I would also like to add that our digital hub will not only be an IT hub but will also utilise alternative Energy. We will use solar to light up the place making it affordable and sustainable.
“I am not a believer of “serikali saidia”, it’s a pathetic mentality.”
Let’s now talk about your leadership talks. What’s your most recent one and why talks, one would say you’re doing enough as is with the women empowerment
Oh, I am not doing enough, I am a beneficiary of leadership training and I believe each one of us is a born leader; in our homes, in our social groups and in society.
I am not a believer of “serikali nisaidie”, it’s a pathetic mentality. We put a lot of pressure on the Government to lead and forget our own responsibility. We are absent parents – gadgets, TV and the Internet are babysitting our children – what outcome do we expect from them? I speak about leadership because I want to emphasise that we all have a role to play. We are not supposed to be “keyboard officers” condemning public leaders but at the same time, for example, littering the roads.
As a beneficiary of Leadership training, how has it helped you?
Leadership training has benefited me in several ways. I have learned how to deal with people better, how to accommodate people’s personalities, how to work within a team or with one, how to accept my weaknesses and how to let my team members handle the things I can’t. Through training, I have sharpened my skills in public speaking, presentation, training and most importantly listening. I have also gotten leadership positions, such as being an IT sector champion at OWIT, Nairobi through training.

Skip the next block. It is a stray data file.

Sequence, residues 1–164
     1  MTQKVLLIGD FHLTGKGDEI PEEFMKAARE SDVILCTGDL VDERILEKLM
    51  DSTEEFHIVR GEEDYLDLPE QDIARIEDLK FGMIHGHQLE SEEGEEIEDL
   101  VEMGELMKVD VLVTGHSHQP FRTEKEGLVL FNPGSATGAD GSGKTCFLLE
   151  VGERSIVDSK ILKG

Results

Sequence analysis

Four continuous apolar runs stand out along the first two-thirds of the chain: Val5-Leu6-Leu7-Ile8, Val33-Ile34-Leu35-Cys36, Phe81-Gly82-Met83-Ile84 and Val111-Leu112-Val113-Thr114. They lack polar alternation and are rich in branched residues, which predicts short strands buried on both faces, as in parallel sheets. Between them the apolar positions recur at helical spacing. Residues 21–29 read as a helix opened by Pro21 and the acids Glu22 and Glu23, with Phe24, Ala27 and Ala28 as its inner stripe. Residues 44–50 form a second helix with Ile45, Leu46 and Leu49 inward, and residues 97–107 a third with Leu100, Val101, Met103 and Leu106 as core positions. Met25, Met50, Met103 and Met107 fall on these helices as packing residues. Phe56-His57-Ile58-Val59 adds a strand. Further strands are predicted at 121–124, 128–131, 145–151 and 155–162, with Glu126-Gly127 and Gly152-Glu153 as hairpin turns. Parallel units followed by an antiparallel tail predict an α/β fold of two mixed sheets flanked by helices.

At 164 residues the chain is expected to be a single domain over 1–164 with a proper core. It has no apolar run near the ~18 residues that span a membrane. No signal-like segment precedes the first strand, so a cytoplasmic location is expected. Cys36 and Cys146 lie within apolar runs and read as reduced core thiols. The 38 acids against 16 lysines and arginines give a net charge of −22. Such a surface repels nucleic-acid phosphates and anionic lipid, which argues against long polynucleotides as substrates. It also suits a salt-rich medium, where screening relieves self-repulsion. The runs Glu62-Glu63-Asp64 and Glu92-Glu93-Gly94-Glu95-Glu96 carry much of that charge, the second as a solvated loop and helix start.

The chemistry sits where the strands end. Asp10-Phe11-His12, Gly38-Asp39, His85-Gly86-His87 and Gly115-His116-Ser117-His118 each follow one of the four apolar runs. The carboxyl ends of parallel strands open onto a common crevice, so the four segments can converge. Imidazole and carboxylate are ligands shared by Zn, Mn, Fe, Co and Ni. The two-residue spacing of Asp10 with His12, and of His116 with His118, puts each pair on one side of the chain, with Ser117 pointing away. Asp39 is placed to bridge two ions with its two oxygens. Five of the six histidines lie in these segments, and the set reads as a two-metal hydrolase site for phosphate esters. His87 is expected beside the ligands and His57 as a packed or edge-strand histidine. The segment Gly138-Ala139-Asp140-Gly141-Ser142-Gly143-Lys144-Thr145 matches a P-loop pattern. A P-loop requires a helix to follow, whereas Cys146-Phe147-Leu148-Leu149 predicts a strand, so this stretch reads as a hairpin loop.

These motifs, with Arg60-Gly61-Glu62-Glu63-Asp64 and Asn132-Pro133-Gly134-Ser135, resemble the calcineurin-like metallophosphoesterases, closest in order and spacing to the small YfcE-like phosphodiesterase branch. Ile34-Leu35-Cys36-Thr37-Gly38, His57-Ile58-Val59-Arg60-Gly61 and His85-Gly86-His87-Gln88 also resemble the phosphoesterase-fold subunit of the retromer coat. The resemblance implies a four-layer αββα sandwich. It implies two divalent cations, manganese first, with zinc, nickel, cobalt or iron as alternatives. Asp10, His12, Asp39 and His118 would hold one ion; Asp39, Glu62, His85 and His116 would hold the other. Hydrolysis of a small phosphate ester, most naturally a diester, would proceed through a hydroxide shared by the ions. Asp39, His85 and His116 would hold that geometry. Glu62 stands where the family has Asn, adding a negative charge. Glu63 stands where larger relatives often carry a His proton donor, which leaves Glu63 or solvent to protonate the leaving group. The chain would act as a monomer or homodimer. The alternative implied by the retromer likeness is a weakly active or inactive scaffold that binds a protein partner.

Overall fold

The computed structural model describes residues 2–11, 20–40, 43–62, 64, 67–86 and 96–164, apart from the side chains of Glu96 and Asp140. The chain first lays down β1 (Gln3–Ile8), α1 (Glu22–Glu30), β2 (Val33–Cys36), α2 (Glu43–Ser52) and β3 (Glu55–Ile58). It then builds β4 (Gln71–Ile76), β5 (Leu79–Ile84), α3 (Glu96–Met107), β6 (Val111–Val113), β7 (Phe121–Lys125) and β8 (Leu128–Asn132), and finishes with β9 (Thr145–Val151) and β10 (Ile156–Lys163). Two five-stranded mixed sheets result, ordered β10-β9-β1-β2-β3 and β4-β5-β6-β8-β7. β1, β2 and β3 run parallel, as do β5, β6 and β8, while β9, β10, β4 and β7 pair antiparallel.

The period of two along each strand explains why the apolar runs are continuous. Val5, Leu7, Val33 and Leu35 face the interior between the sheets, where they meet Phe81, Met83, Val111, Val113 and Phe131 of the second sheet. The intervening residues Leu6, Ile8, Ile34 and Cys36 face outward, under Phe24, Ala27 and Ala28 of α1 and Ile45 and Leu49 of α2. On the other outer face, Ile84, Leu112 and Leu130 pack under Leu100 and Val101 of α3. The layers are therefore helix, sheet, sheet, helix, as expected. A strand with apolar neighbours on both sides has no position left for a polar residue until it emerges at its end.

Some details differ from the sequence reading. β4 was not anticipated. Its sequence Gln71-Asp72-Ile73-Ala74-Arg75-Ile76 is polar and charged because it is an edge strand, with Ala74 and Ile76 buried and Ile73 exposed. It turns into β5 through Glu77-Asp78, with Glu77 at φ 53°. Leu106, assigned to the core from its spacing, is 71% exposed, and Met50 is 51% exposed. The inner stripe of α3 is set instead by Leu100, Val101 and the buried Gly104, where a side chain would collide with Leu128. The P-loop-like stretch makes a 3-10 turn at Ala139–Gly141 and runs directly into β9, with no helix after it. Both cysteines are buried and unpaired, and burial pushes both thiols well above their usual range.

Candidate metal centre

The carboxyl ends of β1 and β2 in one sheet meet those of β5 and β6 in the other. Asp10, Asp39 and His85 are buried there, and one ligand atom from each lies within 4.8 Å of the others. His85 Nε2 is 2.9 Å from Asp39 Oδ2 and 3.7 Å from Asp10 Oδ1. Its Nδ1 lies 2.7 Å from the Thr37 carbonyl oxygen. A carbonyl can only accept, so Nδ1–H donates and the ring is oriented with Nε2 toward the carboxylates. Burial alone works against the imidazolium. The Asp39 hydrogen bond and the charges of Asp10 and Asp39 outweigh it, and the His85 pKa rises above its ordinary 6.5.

“I focus on the agenda, not my gender.”
Let’s backtrack a little bit, how did you start out in the industry?
I meant to do nursing. I thought nurses looked so cool in their uniform (sighs). Unfortunately, my uncle became ill, was taken to Kenyatta National Hospital (KNH) and later passed on. I remember visiting him and witnessing first-hand the kind of work nurses do. That was my turning point; I decided I couldn’t hack it. As I was waiting for my KCSE results my mum suggested I take computer classes – it was such a thing back then. I think after I enrolled and saw how interesting the programs were…well, the rest is history.
Are there enough women in tech?
We need more women in tech, I cannot say we are enough.
What can be done to improve the odds?
We can mentor more women to take up tech courses. And, thank God for globalization and artificial intelligence. We are lucky to be living in the 21st century where tech is a way of life – literally.
Has your gender ever affected how you are perceived in the IT industry?
Yes, it did! I use past tense because it no longer does. I am at a level in my career where gender, at least for me, is a non-issue and I don’t entertain it in any conversation I have. I can be the only woman in a meeting with over ten men and I will not play the woman card.
“I speak about leadership because we all have a role to play. “
How do you steer the conversation away from the topic of gender?
I focus on the agenda, not my gender.
You look like a woman who enjoys her work, what do you enjoy most about it?
Oh wow! Several things, for one, when my clients are happy because of a service we’ve provided. I have a client who can’t stop talking about the positive impact from one of our programs – impact, impact and more impact. That makes me happy.
“When I am around family, I am peaceful, because of the love and happiness.”
Is work-life balance something you think about?
I have a very strict schedule. My administrative assistant, Beatrice, ensures I follow it (she is tough) and I respect timelines.
Family seems important to you.
It is. I was brought up in a Christian home, and in the armed forces so the environment and our home instilled in me a love of family, as a mother it’s my joy to have a tight family unit. When I am around family, I am peaceful, because of the love and happiness. My parents gave me a home filled with love and I want the same for my kids.